Review: Broken On All Sides

“While there is a lower class, I am in it, while there is a criminal element, I am of it, and while there is a soul in prison, I am not free.” Eugene V. Debs


Review  Broken On All Sides: Race, Mass Incarceration, & New Visions for Criminal Justice in the US

by John Leslie

Broken On All Sides, a film by Philadelphia community activist Matthew Pillischer, is a powerful indictment of the prison industrial complex. The United States has 5 percent of the world’s population and incarcerates 25 percent of the world’s prisoners.  But why is this?

Institutionalized racism is at the root of the mass incarceration of millions in this country. Pillischer used interviews with academics, activists, religious communities, a former prisoner and a former Mayor of Philadelphia, John Street, to illustrate the origins of this set-up and how it operates.

The so-called war on drugs, which was conceived by the Reagan administration, is responsible for the huge increase in prisoner population over the last 30 years. While there has been no significant increase in the crime rate, the number of prisoners has ballooned to more than 2 million.  This is more a symptom of racial politics than of any real  threat to society.

African-Americans make up 12.4 percent of the US population but are more than 38 percent of the total prison population. Incarceration rates are out of proportion for Latin@s as well.  Michelle Alexander, author of the book, the New Jim Crow: Mass Incarceration in the Age of Colorblindness,  says in an interview in the film:  “People who are living in ghetto communities today experience tremendous frustration, because not only are they being targeted in clearly biased ways by law enforcement,  in countless ways they experience the discrimination, and  often brutality of our criminal justice system.”

The New Jim Crow is a conscious policy by a white racist ruling class to criminalize African-Americans while preserving the fiction that racial discrimination died with the end of formal segregation.  The “war on drugs” and the “tough on crime” rhetoric of politicians keeps racial politics alive by appealing to the racist attitudes and prejudices of whites, all the while holding up the pretense of a colorblind society.

From the film:  “We as a nation become blind, not so much to race, but to the existence  of racial caste. We have become blind to the existence of a group of people who have become locked into a second-class status and become indifferent to their suffering.”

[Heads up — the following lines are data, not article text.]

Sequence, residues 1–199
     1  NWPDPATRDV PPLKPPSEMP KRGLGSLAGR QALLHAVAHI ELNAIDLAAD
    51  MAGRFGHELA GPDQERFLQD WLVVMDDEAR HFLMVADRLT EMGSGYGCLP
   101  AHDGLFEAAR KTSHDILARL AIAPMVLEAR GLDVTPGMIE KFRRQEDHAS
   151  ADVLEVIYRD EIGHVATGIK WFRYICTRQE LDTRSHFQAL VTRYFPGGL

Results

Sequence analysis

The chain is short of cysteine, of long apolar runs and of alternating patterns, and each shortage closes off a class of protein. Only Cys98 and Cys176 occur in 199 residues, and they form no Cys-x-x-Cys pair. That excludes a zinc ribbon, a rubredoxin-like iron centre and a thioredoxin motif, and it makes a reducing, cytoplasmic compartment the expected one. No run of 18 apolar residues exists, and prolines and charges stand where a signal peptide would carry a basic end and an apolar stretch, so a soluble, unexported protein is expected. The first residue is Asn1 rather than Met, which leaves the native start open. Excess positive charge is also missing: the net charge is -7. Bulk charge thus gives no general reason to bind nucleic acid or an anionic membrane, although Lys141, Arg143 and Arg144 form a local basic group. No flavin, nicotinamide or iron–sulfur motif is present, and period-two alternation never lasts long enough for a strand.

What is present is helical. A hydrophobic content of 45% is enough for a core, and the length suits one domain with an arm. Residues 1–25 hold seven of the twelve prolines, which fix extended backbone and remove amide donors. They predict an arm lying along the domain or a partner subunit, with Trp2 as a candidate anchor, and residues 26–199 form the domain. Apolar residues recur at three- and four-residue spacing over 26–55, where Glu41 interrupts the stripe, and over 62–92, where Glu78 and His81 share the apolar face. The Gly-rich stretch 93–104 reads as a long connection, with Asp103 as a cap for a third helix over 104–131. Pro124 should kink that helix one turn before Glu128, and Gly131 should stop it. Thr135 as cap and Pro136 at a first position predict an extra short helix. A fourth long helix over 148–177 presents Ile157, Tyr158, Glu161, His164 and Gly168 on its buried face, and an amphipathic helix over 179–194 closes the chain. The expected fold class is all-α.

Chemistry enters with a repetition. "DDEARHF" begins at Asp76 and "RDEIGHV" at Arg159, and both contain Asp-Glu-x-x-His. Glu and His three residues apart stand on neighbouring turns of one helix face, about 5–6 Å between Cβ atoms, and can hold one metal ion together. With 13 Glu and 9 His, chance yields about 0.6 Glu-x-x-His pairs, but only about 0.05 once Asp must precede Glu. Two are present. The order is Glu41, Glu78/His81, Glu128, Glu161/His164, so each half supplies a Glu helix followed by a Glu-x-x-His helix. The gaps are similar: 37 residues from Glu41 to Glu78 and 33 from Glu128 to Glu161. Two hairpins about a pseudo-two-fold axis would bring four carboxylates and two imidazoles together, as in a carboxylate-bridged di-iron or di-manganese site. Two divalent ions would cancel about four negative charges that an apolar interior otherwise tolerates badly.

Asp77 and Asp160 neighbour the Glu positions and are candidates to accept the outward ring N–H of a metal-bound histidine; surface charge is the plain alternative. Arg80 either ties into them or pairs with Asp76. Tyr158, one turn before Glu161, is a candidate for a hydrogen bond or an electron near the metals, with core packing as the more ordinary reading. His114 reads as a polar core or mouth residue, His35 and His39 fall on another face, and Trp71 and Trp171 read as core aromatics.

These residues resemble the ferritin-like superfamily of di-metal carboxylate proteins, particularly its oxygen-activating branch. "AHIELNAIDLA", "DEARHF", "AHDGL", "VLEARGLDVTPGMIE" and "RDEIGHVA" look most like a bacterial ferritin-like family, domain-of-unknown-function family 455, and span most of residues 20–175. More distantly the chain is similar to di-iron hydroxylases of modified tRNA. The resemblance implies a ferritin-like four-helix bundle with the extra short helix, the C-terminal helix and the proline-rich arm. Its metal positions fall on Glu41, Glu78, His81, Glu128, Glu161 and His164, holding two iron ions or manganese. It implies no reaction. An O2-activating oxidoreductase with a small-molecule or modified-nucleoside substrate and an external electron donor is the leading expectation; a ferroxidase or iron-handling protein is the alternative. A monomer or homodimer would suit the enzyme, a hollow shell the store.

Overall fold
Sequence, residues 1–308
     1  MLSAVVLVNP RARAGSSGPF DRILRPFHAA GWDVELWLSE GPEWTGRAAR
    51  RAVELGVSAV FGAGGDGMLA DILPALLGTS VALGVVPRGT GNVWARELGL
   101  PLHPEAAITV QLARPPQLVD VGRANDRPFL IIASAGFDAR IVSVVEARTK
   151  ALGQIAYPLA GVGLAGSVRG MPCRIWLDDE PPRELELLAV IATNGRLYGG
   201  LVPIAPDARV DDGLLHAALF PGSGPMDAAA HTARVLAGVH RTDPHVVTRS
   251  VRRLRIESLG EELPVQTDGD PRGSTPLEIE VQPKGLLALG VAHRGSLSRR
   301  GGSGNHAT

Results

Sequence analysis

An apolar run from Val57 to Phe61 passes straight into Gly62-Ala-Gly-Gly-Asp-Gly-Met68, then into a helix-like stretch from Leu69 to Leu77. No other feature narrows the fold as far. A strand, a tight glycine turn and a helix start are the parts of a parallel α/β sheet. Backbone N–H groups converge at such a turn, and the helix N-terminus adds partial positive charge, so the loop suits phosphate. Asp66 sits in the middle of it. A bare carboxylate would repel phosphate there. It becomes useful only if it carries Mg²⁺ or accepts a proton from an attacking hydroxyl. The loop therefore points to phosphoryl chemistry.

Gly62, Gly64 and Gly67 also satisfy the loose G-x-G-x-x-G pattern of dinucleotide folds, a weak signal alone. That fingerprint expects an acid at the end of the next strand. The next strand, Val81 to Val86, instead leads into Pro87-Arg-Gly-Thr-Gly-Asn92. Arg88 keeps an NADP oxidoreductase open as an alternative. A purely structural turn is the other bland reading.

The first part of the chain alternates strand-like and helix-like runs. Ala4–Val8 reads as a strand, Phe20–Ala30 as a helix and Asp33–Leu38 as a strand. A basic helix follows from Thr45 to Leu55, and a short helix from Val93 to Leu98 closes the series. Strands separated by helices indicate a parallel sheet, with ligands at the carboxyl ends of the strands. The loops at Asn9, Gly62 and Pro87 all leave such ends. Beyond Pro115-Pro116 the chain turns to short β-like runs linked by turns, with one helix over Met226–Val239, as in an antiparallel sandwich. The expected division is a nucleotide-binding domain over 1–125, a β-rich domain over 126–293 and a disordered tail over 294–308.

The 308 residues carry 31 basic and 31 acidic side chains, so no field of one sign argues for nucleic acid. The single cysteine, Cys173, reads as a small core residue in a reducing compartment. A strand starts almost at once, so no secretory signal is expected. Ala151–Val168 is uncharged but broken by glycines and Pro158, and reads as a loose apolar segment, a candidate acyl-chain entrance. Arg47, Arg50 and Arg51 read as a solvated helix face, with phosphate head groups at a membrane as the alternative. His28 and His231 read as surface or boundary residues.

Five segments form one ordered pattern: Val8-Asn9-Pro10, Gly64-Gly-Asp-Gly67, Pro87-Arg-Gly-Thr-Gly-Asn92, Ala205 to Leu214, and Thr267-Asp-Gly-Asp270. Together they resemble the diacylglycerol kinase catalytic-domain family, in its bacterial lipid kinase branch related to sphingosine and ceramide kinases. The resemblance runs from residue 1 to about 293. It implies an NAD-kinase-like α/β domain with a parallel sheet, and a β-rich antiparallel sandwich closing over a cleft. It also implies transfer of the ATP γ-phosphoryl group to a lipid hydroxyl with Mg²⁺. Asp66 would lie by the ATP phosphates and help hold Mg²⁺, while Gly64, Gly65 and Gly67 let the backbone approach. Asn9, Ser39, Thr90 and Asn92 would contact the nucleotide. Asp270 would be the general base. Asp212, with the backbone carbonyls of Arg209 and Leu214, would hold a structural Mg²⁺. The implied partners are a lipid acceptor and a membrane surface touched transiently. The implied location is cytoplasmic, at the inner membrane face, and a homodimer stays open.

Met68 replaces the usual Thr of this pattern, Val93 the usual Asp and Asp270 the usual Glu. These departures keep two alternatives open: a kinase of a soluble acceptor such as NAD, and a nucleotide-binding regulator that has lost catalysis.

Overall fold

Ex-offenders are plagued by high recidivism rates, which are reinforced by patterns of racial discrimination and lack of educational opportunities both in the community and in prison. States have cut vocational training in prison systems just as they have cut school budgets.

According to Michelle Alexander, “So many of the old forms of discrimination that we supposedly left behind during the Jim Crow era  are suddenly legal again once you have been branded a felon.”  Ex-prisoners also quite often lose their right to vote, again reinforcing their second class.

Addressing the problem of the prison industrial complex is an urgent task for  progressive  activists in the US. We can’t simply rely on moral appeals to politicians or  lawsuits.  The only way to break this system down is to build a mass social movement that links together communities, churches, organized labor and students around a program demanding justice, jobs, education funding and an immediate end to the war on drugs.

A true defense of public education cannot be achieved without understanding that the prison system, a multi-billion dollar business, is draining the resources we need to rebuild our schools and educate youth.

The defense of our unions, and the living standards of working class people, cannot be waged without understanding the roots of the prison industrial complex in a predatory capitalist system that is incapable of creating living wage jobs and locks millions of unemployed workers away in a for-profit prison  system. The call for an end to mass incarceration, linked to a call for jobs at union wages for all workers, is a crucial demand for working people.

Good political documentaries don’t exist merely to inform us; They exist to move us to action.  Broken On All Sides is just such a film. It’s difficult for me to say just how much I enjoyed this excellent, well constructed, film without giving too much of it away.   I urge the reader to  buy a copy of this film and  use  it  as an organizing tool.  Organize a showing in your church, school or union hall. If your community organization, school or union has the resources, host the filmmaker and organize a discussion of what can be done to end the  New Jim Crow.

Copies of Broken On All Sides: Race, Mass Incarceration, & New Visions for Criminal Justice in the US can be bought from the web site,   The web site also has ideas and suggestions on how to organize in your community.  Contact the director, Matthew Pillischer, at

watch the preview here


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